Another popular meal is fermented milk with corn couscous which is referred to as 'latchiiri' or 'dakkere', it could also be taken as a fluid called 'gari' which is made of flour cereals.

On special and specific occasions they eat meat. Milk, goat cheese and millet with dates are pounded together to produce a thick beverage.

 

Clothing

Dress codes and styles vary greatly. In general, however, married men and women follow the Islamic dress code, which prescribes modesty. The men wear large gowns, trousers, and caps. Women wear wraps and blouses. Married Muslim women wear veils when they leave their household.

Their mode of dressing depends on the region they come from. The Fulbe Wodabaabe wear long flowing embroidered or decorated robes which are always very colorful.

In central Guinea, the men wear hats with colorful embroidery, whereas in Nigeria, Cameroon, and Niger, both men and women wear a typical white or black cotton material gown, embellished with blue, red and green thread embroidery work.

The men wear a hat that tappers at 3 angular tips and it is called 'noppiire'. Fulani men wear solid colored shirts and trousers which go down to their lower calves, they carry walking sticks across their shoulders with their arms resting on them.

Women decorate their hair with beads and cowrie shells, they also decorate their hands, arms, and feet with henna (Lali).

A typical Fulani can be easily identified by markings on his/her face; around their eyes, mouth, and foreheads for men.

Nomadic Fulani also wear Islamic dress, but it is not as elaborate. The women do not wear veils. Younger men and women adorn themselves with jewelry and headdresses, and they braid their hair.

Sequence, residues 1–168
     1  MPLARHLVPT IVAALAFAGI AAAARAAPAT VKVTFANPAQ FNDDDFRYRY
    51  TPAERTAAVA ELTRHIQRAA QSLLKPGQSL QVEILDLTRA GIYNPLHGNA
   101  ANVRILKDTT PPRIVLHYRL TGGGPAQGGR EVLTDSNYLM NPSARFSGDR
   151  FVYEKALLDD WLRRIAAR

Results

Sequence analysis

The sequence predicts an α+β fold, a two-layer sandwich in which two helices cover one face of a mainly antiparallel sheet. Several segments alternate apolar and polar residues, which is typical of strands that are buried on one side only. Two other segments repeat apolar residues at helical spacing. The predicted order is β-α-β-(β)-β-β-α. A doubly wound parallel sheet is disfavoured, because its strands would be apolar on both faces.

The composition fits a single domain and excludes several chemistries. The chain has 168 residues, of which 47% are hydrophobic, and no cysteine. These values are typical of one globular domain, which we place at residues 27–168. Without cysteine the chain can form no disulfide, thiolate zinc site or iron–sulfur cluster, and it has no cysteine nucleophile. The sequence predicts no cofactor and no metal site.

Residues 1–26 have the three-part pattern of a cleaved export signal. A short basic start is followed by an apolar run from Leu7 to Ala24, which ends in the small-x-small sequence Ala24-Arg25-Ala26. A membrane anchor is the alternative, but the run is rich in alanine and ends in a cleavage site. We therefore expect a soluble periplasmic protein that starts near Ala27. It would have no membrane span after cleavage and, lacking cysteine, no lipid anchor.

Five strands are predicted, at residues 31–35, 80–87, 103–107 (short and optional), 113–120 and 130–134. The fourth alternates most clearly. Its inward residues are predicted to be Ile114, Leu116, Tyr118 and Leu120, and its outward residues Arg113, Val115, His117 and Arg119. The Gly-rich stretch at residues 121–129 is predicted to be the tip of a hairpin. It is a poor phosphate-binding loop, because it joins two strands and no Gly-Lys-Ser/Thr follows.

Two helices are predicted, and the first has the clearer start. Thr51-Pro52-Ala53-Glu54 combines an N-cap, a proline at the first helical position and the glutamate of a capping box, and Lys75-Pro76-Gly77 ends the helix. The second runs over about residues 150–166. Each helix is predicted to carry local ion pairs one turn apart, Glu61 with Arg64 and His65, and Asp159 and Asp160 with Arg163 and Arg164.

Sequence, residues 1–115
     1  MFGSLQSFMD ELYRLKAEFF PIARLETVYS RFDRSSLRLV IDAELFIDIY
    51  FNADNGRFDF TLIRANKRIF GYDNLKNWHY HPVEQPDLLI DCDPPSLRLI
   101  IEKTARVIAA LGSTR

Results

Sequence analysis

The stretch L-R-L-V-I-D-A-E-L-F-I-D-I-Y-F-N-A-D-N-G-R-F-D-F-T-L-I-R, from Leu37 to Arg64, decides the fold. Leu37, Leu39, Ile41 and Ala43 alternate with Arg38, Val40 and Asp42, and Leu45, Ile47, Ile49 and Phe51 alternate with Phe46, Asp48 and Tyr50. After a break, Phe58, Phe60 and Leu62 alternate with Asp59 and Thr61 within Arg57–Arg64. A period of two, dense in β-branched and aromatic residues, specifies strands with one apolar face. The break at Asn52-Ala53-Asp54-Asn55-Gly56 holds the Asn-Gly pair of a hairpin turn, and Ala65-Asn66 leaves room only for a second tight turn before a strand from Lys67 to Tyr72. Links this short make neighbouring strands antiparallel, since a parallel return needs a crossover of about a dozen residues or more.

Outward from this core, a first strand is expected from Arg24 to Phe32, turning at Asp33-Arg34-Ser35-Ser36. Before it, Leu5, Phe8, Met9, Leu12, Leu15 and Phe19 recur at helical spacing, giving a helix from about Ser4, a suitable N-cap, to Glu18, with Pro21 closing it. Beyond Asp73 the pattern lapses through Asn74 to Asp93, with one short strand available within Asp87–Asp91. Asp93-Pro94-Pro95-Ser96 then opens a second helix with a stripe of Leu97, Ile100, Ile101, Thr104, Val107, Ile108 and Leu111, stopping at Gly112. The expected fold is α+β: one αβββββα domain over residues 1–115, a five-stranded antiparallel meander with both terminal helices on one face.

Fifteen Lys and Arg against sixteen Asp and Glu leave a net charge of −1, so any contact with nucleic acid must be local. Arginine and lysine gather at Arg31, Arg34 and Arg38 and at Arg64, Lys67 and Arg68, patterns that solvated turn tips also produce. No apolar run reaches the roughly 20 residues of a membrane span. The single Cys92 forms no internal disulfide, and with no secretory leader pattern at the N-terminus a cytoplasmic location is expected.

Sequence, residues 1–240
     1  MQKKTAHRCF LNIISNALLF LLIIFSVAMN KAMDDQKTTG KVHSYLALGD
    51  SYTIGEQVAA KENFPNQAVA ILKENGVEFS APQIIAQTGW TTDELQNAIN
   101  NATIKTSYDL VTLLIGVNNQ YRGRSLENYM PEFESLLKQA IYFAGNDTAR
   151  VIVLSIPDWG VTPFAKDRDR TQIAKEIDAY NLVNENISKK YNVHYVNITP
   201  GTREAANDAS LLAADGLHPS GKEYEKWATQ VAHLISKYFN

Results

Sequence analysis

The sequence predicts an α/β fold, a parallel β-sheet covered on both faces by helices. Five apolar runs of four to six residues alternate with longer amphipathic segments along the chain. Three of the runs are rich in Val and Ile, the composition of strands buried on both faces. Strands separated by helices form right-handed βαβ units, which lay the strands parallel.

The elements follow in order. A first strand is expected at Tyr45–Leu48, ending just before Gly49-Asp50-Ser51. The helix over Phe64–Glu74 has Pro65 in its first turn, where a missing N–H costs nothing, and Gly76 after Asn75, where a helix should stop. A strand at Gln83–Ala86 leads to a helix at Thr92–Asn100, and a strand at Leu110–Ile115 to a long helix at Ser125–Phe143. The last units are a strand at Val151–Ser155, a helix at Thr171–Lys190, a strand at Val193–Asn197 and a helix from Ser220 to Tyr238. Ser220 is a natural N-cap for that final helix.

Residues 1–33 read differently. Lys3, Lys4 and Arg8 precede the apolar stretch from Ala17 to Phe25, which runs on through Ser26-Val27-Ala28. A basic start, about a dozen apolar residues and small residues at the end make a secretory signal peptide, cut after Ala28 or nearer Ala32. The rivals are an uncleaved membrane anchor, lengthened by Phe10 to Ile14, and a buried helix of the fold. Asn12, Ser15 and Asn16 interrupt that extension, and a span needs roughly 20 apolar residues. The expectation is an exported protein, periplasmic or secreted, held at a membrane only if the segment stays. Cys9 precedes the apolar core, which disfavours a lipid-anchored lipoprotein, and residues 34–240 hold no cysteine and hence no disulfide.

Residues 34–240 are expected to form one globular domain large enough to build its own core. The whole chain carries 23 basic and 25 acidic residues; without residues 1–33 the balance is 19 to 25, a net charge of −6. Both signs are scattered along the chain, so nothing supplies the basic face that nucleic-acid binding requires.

Religion

As Muslims, the Fulani observe the standard Islamic religious practices. They pray five times a day, learn to recite the holy scriptures (Qur'an, or Koran ) by heart, and give alms to the needy. For one month each year (Ramadan) they fast in the daytime. And at least once in their lifetime, they make a pilgrimage (hajj) to the Islamic holy land in Mecca. The most important duty is to declare one's true faith in Islam and believe that Muhammad was a prophet sent by Allah (God).

 

Major holidays

All Fulani participate in Islamic holidays (Id). The most important are the feast after the fasting period (Ramadan) and the feast celebrating the birth of the Prophet Muhammad. On these days, people pray in thanksgiving to Allah, visit their relatives, prepare special meals, and exchange gifts such as gowns or cloth.

 

Rites of passage

Shortly after a child is born, a naming ceremony is held, following Islamic law and practice. Around the age of seven, boys are circumcised, followed by a small ceremony or gathering in their household. Shortly after this time, they begin performing herding or farming activities, sometimes on their own. At this age, girls help their mothers.